• Kodachrome - The granddaddy of films. Kodachrome offers rich, bright colors in an 40 EI film. This is a very fine grained high contrast color film. Looks real good in the original form but losses quality in the final print. (What doesn't?) but Kodachrome can take the loss of quality and still look good.

  • Ektachrome: High speed (160 EI) speed color film. It has a lot of grain and lacks the sharpness of Kodachrome but is useful for shooting in low light situations. Below are some different types of Ektachrome:

  • Ektachrome E/160: This film is balanced for accurate color for indoor/tungsten lighting (3200K) so use a #85 filter when shooting outside.

  • Ektachrome 160 Type G: This film is for both indoor and outdoor filming without filtration. Therefore it doesn't look good in either. Indoor scenes are orangish and outdoor scenes are blueish. Maybe a good choice if you are shooting in mixed light conditions.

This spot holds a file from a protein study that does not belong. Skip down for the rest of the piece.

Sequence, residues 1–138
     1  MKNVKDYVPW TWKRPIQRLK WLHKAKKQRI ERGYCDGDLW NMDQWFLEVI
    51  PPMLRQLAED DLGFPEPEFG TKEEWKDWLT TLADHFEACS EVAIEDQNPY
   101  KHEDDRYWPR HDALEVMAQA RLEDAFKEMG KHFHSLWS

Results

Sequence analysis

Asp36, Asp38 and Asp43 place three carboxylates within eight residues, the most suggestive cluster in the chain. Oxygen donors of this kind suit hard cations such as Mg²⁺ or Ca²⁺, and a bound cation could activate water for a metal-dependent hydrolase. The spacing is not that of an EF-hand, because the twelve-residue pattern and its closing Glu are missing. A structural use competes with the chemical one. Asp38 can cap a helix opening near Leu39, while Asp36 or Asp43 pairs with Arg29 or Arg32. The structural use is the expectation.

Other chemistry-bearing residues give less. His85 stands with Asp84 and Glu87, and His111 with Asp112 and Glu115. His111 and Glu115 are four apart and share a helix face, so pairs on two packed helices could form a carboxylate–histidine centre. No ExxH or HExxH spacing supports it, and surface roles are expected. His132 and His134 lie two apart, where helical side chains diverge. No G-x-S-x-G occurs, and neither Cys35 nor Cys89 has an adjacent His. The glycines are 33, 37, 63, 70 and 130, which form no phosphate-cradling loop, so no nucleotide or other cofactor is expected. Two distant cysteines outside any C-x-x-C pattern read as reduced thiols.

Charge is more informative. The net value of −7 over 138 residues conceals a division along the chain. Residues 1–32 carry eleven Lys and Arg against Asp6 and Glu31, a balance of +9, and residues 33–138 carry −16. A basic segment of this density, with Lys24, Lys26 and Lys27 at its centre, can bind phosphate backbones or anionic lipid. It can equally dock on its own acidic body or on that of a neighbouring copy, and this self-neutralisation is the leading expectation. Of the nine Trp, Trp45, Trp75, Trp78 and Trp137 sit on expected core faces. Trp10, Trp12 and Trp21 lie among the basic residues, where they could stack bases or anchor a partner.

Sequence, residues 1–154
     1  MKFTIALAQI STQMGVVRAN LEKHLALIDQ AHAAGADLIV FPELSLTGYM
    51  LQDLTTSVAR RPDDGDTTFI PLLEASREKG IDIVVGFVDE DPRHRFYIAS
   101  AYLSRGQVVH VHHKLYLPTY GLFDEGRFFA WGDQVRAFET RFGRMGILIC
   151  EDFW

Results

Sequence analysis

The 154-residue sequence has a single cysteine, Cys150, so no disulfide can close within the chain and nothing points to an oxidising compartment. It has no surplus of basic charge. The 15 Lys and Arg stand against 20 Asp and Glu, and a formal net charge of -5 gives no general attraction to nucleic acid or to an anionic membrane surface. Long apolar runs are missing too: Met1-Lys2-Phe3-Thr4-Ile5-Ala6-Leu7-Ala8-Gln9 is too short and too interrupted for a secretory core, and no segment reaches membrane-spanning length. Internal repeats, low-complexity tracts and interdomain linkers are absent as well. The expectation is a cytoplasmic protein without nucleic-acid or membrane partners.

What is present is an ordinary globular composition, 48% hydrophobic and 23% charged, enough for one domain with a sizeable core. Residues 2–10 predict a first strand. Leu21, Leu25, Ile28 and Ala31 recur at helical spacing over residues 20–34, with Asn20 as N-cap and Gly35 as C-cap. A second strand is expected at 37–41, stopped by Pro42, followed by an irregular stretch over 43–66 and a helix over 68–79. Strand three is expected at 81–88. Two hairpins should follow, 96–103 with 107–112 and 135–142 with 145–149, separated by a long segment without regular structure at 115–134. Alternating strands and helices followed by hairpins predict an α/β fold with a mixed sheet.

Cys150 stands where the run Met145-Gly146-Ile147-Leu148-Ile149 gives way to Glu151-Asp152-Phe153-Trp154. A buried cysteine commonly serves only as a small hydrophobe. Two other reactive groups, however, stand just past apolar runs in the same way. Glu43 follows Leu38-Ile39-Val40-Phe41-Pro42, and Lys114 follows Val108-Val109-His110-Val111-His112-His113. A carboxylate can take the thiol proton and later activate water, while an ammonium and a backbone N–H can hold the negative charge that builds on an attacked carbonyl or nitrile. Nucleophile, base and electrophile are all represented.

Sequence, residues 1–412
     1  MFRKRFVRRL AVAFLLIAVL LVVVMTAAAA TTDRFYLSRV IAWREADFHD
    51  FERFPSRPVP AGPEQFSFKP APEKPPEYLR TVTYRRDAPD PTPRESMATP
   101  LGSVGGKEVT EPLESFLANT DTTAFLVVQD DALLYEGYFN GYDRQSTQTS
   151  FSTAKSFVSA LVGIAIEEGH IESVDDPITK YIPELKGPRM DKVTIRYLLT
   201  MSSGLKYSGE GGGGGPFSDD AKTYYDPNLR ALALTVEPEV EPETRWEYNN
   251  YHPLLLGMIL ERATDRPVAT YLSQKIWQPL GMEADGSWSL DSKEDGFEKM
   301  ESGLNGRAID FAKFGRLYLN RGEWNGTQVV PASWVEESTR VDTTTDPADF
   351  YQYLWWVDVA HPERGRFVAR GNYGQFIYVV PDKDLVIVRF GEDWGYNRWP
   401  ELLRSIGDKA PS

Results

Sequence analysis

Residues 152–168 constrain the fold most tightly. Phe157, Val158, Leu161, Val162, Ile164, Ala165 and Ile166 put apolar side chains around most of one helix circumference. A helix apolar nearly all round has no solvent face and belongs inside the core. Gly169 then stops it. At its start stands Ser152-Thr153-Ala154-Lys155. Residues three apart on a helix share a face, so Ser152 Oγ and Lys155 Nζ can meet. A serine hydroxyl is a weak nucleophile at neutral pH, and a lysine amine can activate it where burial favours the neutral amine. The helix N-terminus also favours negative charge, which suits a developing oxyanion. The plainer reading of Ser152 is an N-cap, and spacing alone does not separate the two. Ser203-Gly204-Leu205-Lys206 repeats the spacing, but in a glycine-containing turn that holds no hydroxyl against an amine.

• Ektachrome EF7242: This film has a 125 EI but does not have notches in the cartridge so your camera will expose it as 160 EI film. The grain and resolution fall between 40 EI and 160 EI film. It is a type B emulsion balanced for 3200K lights so use a #85 filter when shooting outside.

  • Ektachrome SM7244: This film was designed to be processed in Kodak's Supermatic 8 processor that can produce ready-to-project 50-foot length film in 15 minutes. It can be processed by normal means as well. It has a moody very luminesent look to it with very bright colors.

  • Plus-X: Medium speed black and white film stock (Kodak Catalog #502-9087). Very little grain, nice contrast just all around good looking B&W footage. Use Plus-X for most normal daylight shoots.

  • Tri-X: High speed black and white film stock (Kodak Catalog #502-9046). We definately recommend this particular stock. Really cool and grainy, (sp?) B&W filmstock. We would suggest that if you're shooting in broad daylight use Plus-X or shoot at F/22.